By mariner's terms, the SS Edmund Fitzgerald had an inauspicious start. During its launch, it took three swings of the champagne bottle to finally break over the bow to christen the ship. After 36-minutes of trying to free the ship from its keel blocks, it was launched sideways and suddenly crashed back into the docks violently and a spectator suffered a heart attack. In the next seventeen years, it would lose its original anchor, run aground, collide with another ship, and crash into the wall of a lock three times. Though it hardly was a charmed life, the worst was yet to come.
On November 9, 1975, the Edmund Fitzgerald departed port at Superior, Wisconsin and into the waters of Lake Superior with a full-load of ore meant for nearby Zug Island. In Great Lakes yore, the weather conditions on the five main lakes can be unpredictable and very deadly - specifically in the month of November. It is so bad that the local sailors have dubbed the winds that pummel the ships the cryptic name of the Witch of November. The weather conditions were hardly favorable the first day of the Fitzgerald's voyage, but took a bad turn the next day.
At 3:30 P.M. on November 10, Fitzgerald Captain Ernest M. McSorley reported that the ship had lost its radar and had a minor list developing. The snow falling was causing whiteout conditions and the Coast Guard issued a warning for all ships to find safe harbor. The freighter, Arthur M. Anderson, was not far behind and issued a warning to the Fitzgerald at 7:10 P.M. that they had been struck by rogue waves big enough to be detected by radar that were heading the Fitzgerald's way. Asked how they were doing, McSorley responded, "We are holding our own." That was the last the ship and the 29 lives onboard were ever heard from again.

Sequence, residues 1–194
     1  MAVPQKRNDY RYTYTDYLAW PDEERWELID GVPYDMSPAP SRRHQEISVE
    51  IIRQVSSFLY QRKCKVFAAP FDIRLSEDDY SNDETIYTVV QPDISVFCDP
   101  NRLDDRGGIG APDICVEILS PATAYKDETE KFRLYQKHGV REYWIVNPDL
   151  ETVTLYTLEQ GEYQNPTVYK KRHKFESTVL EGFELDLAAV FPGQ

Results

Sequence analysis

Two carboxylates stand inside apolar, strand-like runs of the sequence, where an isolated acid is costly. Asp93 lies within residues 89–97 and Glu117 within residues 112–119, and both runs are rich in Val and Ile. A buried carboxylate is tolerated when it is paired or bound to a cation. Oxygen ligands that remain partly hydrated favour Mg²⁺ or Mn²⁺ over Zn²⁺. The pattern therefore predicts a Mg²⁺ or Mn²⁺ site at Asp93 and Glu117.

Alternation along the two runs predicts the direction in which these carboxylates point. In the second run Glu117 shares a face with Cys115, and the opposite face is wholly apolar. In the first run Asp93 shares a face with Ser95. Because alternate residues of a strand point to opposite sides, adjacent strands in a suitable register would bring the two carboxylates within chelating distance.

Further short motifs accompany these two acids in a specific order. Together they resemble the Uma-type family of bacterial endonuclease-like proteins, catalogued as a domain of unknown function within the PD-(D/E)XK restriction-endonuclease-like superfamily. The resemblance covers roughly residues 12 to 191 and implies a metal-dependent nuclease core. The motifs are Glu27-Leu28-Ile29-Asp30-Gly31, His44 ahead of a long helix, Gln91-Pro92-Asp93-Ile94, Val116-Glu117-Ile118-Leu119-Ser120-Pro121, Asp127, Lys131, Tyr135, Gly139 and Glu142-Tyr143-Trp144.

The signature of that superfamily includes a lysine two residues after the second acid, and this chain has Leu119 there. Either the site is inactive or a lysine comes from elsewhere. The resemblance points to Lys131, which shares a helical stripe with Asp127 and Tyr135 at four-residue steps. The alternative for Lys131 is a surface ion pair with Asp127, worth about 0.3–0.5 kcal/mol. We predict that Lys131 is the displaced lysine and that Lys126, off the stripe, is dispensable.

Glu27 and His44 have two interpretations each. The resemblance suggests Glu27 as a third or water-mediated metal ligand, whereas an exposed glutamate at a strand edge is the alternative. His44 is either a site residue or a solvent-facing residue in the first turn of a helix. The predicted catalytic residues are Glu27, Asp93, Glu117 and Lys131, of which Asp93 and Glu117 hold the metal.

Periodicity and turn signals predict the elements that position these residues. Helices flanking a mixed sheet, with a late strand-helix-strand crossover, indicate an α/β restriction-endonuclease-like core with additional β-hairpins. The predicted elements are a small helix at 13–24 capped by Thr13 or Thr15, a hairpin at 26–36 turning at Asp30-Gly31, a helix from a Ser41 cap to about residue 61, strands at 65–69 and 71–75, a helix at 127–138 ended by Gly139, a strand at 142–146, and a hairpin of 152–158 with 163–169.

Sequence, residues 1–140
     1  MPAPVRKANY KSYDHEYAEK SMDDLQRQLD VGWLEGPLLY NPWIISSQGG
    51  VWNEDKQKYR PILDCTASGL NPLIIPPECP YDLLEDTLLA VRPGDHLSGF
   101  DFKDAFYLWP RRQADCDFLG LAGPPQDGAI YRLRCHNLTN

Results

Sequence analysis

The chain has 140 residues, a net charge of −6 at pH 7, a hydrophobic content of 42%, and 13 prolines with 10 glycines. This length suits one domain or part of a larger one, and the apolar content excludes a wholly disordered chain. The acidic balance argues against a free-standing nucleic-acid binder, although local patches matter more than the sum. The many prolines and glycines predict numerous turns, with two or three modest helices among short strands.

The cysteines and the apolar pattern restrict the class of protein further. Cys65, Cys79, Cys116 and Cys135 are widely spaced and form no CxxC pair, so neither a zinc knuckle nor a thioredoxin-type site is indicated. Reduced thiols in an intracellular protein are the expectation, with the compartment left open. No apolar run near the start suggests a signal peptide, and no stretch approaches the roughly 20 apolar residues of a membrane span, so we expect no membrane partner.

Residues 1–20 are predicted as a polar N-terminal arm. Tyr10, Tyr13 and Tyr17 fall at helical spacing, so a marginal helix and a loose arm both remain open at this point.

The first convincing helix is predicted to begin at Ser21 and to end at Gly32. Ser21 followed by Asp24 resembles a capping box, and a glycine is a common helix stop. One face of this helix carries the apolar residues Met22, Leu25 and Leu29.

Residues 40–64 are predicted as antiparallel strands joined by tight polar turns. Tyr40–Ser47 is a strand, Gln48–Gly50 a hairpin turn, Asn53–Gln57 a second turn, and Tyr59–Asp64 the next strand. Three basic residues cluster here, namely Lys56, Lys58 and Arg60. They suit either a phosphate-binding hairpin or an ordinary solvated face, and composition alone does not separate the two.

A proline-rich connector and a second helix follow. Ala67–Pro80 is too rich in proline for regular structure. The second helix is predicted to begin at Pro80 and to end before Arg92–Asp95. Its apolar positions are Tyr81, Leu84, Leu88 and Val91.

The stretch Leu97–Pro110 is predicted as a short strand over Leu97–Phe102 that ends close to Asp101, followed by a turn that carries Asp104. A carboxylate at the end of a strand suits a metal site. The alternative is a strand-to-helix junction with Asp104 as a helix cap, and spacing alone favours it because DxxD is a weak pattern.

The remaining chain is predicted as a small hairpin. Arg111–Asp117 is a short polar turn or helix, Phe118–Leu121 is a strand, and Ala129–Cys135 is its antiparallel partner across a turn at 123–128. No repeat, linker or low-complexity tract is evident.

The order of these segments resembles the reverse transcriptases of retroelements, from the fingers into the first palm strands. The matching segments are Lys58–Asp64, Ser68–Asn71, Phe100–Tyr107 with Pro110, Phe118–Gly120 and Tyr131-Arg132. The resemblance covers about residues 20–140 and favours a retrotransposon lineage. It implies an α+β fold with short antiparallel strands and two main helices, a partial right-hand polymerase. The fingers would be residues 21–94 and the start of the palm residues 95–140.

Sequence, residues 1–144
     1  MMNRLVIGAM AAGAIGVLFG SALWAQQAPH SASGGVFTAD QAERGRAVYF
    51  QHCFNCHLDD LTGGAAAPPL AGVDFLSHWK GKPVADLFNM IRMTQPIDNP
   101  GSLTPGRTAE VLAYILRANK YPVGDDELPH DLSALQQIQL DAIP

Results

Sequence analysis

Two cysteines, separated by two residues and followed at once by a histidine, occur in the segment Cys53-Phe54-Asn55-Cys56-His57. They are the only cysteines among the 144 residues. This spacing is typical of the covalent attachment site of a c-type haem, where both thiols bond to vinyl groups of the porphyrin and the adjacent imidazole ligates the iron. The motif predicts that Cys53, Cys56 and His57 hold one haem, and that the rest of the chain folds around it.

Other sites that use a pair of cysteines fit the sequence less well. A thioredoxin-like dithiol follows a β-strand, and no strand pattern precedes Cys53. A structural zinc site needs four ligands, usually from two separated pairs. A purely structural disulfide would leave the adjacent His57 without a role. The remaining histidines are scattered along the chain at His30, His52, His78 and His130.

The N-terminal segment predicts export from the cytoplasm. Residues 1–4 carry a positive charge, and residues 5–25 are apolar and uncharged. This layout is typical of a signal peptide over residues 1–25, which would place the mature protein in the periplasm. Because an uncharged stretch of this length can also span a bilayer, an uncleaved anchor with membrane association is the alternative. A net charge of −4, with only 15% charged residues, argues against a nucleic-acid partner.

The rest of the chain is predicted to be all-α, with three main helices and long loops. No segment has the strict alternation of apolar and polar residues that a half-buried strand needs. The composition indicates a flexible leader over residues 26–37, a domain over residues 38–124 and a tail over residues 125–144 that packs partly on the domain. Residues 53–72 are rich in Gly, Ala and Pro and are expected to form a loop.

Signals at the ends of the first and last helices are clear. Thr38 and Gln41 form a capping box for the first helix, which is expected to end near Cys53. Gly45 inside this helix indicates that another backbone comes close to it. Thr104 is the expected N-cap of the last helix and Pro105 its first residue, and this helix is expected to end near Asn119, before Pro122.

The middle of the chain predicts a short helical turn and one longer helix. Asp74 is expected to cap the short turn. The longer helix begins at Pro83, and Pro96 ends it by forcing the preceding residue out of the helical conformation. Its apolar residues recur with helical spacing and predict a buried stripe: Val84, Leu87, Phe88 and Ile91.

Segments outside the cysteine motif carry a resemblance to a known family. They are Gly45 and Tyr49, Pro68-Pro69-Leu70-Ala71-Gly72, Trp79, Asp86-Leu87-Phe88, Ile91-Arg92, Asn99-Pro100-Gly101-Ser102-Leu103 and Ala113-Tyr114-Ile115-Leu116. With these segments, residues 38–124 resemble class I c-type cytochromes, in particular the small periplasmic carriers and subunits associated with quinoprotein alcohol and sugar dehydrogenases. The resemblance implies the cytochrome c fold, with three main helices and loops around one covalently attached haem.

The Great Lakes lie in what has been dubbed "The Great Lakes Triangle," for the amount of ships and planes that have vanished in its waters. Surprisingly there are more disappearances per unit area than the infamous Bermuda Triangle, despite the fact that the area is 16 times smaller. The SS Edmund Fitzgerald is perhaps the best-known shipwreck on the Great Lakes. The wreck was located fairly quickly unlike some of the others, but theories still abound as to what caused its sinking (some even including UFOs). In addition, the Fitzgerald has been immortalized in popular culture over the years - most notably in Gordon Lightfoot's The Wreck of the Edmund Fitzgerald.
Visit the wreck of the Edmund Fitzgerald on Dark Destinations.
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